Ever since the Lookup Table variable was introduced in Google Tag Manager, users have been craving for more. The Lookup Table does exactly what it promises: lookups. These are exact match operations, which are extremely inexpensive to perform, because they can only have a binary result: either the match exists in the data store being queried or it doesn’t. This performance stays constant even if the data store being queried increases in size. However, exact match has one significant problem: it’s exact match. Thus even though the Lookup Table variable is extremely useful, it’s missing the flexibility of, I don’t know, say, regular expressions. You will be pleased to hear, then, that Google Tag Manager has released a new variable type: the RegEx Table!

First of all, if you are unfamiliar with regular expressions, here are some great resources:

Needless to say, RegEx is a powerful pattern-matching syntax to learn, and can help you enormously in keeping your Google Tag Manager container lean and mean.

The RegEx Table variable

You’ll find the RegEx Table variable in the list of variable types you can create as a User-defined variable. Once you choose this variable type, you’ll see the following configuration:

There are many similarities with the Lookup Table variable, for good reason, but there’s also a bunch of settings that turn this new variable into a formidable force in its own right.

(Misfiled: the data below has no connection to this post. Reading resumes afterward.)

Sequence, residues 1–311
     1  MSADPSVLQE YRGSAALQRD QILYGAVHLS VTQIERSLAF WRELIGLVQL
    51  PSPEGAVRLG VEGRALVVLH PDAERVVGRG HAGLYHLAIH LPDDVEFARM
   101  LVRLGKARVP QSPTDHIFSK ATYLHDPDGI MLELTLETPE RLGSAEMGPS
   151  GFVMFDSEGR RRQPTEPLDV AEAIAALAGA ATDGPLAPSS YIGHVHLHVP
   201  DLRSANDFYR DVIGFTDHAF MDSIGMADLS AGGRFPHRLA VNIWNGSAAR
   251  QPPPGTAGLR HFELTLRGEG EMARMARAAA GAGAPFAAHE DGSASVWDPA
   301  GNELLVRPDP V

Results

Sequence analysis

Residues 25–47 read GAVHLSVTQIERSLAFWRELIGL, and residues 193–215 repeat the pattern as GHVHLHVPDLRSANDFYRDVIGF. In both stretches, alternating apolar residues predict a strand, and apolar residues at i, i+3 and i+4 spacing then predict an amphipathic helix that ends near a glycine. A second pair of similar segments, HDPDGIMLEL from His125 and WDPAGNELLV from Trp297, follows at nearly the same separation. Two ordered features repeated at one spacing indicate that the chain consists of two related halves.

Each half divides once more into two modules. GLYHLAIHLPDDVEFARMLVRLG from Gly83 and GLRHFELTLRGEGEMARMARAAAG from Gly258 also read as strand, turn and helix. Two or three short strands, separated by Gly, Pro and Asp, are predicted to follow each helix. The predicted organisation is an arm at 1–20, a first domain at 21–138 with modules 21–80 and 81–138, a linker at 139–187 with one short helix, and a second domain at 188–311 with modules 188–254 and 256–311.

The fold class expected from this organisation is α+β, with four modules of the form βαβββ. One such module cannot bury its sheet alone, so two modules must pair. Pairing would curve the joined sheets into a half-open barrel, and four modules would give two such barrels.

1. Input variable

The Input variable shares its functionality with the Lookup Table. The input variable is what you’ll be making your pattern checks against. For example, if you want to use the RegEx table to look for patterns in the current page path, you’d choose the {{Page Path}} variable as the input.

The input variable is evaluated row-by-row, from top-to-bottom, against each pattern. When a pattern matches, the respective output is returned and processing of the table stops.

2. RegEx Table

Next, you have the table itself. In the table, you add rows, where each row represents a pattern you want to match in the input, and an output returned by the variable in case the pattern matches.

The pattern is always interpreted as a regular expression. All the following patterns are valid examples:

  • simoahava.com - will match “simoahava <+ any character +> com”

  • simoahava\.com - will match “simoahava.com”.

  • ^simoahava\.com$ - will match exactly “simoahava.com” (won’t allow leading or trailing characters).

  • (simoahava)\.com - will match “simoahava.com” and create a group (see below) of “simoahava”.

A pattern like [simoahava\.com is not a valid regular expression, because “[” is a reserved character, and it is being incorrectly used in this pattern. Google Tag Manager will not warn you of errors in the regular expression, but you’ll know something is wrong if the Preview mode output for the variable is boolean false. Conversely, if no match is made or there is no output for a matched pattern, the variable will return undefined.

The output is what the variable returns when a row is matched against the input. The return type is a string, unless you add another variable into the output. This is a great way to chain RegEx Table variables, just as you could chain Lookup Table variables.